Monday, November 11, 2013

Thoughts on Veterans Day

Considering that we have a large number of Quaker ancestors who, because of their religious conviction, did not practice war (although they were often on the front lines with the Red Cross or participated in other ways), we have a large number of veterans who served well and proudly and made sacrifices so that we could live under this government in this land happily and well. America has been good to all of our families who immigrated here between 1600 and 1850. And, through their sacrifices they have made this our land. I believe we have been represented in every war from the French and Indian to Vietnam. So far our younger generations emulate their Quaker forebears in not joining the military or practicing war in Iraq or Afghanistan. Regardless, we owe a great deal to those who keep us safe.

 A word about those who also serve. My first husband  was an Air Force officer. It follows that I was an Air Force wife. Not only did he serve at various domestic stations – he was in Vietnam. The Vietnam War had a huge impact on my life and, as things flow on down, on the children. My mother’s life was turned upside down by WWII. Consider my grandparent’s worry and anguish when Pearl Harbor was bombed – their son was station there. Consider the worry of my widowed grandmother when her only child’s ship was sunk in a typhoon. The cost of war is also carried by the loved ones of military personnel. Simply put, our lives would have been different if they hadn’t been in the military. Military spouses and other family members also serve and we salute you!

My brother attended West Point and served in the Army. During WWII my father was an Army officer who served in the European theater. Uncle Wayne was a Navy pilot. My mother worked at the Iowa Army Ammunition Plant – a dangerous job building and packing shells. My step-mother was an Army nurse. My step-father was in the Navy floating in a life raft in the Pacific (as well as other war-time duties). My paternal grandfather held the lowly rank of wagoner in WWI (he was a farm boy who could handle a team of horses.) but his job all over bloody France was as a wagoner/corpsman – he had a wagon and therefore he picked up the dead and wounded as well as trying to help those dying of disease.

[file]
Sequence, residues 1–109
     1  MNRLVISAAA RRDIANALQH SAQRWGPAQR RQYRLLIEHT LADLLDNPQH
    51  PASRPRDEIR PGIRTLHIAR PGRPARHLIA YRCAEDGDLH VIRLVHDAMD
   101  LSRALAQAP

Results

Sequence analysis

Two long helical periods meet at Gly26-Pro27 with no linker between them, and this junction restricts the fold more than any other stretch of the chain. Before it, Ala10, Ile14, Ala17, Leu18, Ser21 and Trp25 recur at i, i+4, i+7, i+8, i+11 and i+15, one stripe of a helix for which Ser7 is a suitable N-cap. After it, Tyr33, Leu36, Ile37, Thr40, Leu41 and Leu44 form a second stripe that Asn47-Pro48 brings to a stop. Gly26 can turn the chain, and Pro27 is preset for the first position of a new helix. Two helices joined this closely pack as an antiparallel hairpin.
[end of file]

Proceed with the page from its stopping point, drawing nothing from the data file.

My mother’s brother Weldon signed up for the Navy at 17 and made a career of it. He survived Pearl Harbor and was on duty during the Korean War. We have ancestors aplenty who served in the Civil War almost exclusively in the Union Army. We had family in the War of 1812, the Spanish American War, and many who participated in the Revolution mostly on the American side. Some of our German ancestors fought for the British but were welcomed to stay here after the war.

With all those and many more I’m sure there are some fascinating or horrifying tales to tell. Of course we have stories – we are the survivors. All those wasted lives . . . all those who died are not telling stories; and since they were mostly young – have no descendants to carry on. The world was forever altered because they left before their time. So, as we salute those who protect and serve let’s all look to the day when, like the Quakers, we can practice war no more. In the meantime, we are thankful for our military forces.

God Bless our Veterans and their families.

Follow this link for more awesome Veterans Day posters:

Credits:   U.S. Dept of Veterans Affairs, Veterans Day Poster Gallery,


  1. God bless our vets

  2. Thank you very much [for the link]. Very interesting blog.
    Best Wishes!
    The American Revolution website.


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